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Maidenform Bra Company Makes the List of Offenders by Kathy Bruin

March 15th, 1999

This Just In: Maidenform Bra Company Makes the List of Offenders

 

I had a lot of fun this week writing a letter to Maidenform, the bra company about their new ad campaign. At About-Face we think it’s important to write to companies, but admittedly even we don’t do it very often. I encourage you to give it a try sometime, however, because it sure can be gratifying! You can read my letter through the link, but first a few words about the business of advertising. Few people know the degree of careful planning and manipulation that goes into an advertising campaign by the company and the agency they hire.

Keep in mind that Maidenform now has to compete with Wonderbra, Victoria’s Secret, Calvin Klein and all number of companies that have moved into the “foundation garment” industry in recent years. It is easy to imagine that Maidenform has lost a share of its former market when you consider how ubiquitous are the ads of the companies mentioned above. From the look of Maidenform’s new ads they are clearly spending plenty of money to get our attention.

So this is how it works: A company hires an agency to help make the decisions about what kind of ad campaign to produce, and to decide when, where and how long the ads will run. They also pay great attention to the demographic they will target. The demographic is the group of people sharing like characteristics. All of us fit into many demographics at once. For fashion advertising, a popular demographic to target is young, white, female, a reader of fashion magazines, probably from an affluent family and self-conscious about the way she looks. (That last one is what an advertiser hopes for, not what is guaranteed by the other traits, though you should know that several studies have proven the link between fashion magazine readership and lowered body esteem.) Together the advertiser and agency decide whether to run print ads (magazines & newspapers), billboards (including smaller versions for telephone booths or buses), television, radio etc. Remember that repetition is the key to an ad’s success, so the order and duration of the ad’s run in the marketplace is crucial. The agency develops a series of ads and a recommendation for the campaign itself. Perhaps they launch the campaign in two important markets like Los Angeles and New York with a series of small billboard type ads running on bus stops and phone booths. These ads are highly visible and may be used to prime the targeted demographic for future ads. It is important that the ad get people’s attention even if they don’t read the ad or even know what it is selling.

After the billboard ads run for a month or so in the targeted cities, perhaps it is decided that for largest impact the first print ads will be three pages, rather than just a single page. The ad could start with a lead in on a right hand page, and be immediately followed by a spread. After the initial launch of the print ads, they might decide that in subsequent months, a single page ad will do, but perhaps a single page ad month after month in each of the top fashion magazines. Remember: repetition, repetition, repetition.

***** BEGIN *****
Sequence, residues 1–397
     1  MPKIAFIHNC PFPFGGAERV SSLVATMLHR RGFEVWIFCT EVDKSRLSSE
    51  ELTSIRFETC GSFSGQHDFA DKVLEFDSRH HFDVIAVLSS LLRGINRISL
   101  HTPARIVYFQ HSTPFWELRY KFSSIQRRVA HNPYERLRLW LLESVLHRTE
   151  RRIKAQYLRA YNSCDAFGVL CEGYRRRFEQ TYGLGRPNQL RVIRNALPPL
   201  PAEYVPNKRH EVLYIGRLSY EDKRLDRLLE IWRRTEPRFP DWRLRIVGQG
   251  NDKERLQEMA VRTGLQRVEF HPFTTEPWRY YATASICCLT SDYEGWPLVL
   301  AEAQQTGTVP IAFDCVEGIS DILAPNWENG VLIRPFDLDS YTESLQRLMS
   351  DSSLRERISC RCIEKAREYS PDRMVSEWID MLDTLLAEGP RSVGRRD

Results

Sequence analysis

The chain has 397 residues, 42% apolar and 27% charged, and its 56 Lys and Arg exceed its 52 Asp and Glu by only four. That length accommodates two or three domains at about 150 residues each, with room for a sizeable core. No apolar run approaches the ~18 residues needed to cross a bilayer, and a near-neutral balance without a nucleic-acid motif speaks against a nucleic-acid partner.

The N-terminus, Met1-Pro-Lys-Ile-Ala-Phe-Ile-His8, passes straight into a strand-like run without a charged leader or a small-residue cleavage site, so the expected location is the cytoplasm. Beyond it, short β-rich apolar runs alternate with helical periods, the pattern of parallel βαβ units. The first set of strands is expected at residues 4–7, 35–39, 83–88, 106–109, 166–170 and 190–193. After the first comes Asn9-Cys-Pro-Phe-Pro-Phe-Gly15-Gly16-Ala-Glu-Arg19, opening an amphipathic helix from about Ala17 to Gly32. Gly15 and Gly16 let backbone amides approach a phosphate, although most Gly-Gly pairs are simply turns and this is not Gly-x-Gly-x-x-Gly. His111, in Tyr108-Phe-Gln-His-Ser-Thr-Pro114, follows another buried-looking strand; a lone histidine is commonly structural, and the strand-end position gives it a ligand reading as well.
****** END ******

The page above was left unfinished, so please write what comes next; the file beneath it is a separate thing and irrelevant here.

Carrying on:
There’s one other thing you should know. The particular demographics of an audience are very important to advertisers. They may want to reach young women 15-25 which is the audience reading fashion magazines. They may also want to reach a group that is particularly image conscious, thus the billboard blasts in cities such as LA or New York.

I saw the new Maidenform ads all over New York City on buses and telephone booths. (The ad is also running on bus stops in LA.) It shows a lovely woman standing tall and proud silhouetted against a blue sky wearing a bright, white bra. The words below say: “Inner Beauty Only Goes So Far.” And then, “Perfecting the Real You.” Note that this ad is not (yet?) covering the streets of San Francisco where I live and note that this was a specific tactical decision.

The first print ads are appearing in the April issues of some fashion magazines. The ad is running as a 3-page spread with a striking close up of the model on the first right hand page and the words “Inner Beauty.” The ad sets you up nicely with positive expectation, and then punches you in the stomach with the finish: You turn the page to see the full image of the proud, tall, bra clad woman across two pages and the words “only goes so far.” Thud!

A friend in West Hollywood was the first to find the print ads and tell me where to look. But interestingly, the new 3-page ad isn’t in the San Francisco copies of the same magazines. Hmm, that’s funny. Remember that a very conscious decision is made about where to run those expensive 3 page ads. It is highly likely that San Francisco was just not pegged as an important demographic for this round of advertising. So, look around for the ads in your community. Did you make the targeted demographic? Which ads are targeted at you in your community and in the magazines you read? And how do you feel about it?

My letter to Maidenform
Maidenform’s response to me

Please write to the companies who annoy you or please you. They want to hear from you because you are their valuable potential customer. Don’t feel badly about saying what you think. Companies are in business to sell you stuff and you, as a consumer, can help to guide them in their business endeavors. And we at About-Face would love to see copies of your letters too!

Maidenform can be reached at:

Maidenform Worldwide
Paul Mischinski-CEO
154 Avenue E
Bayonne, NJ 07002

Maidenform Worldwide
Manette Scheininger-Dirctor of Marketing
154 Avenue E
Bayonne, NJ 07002

Frierson, Mee, and Kraft Advertising Agency
Janice Turecki
141 5th Avenue
NY, NY 10010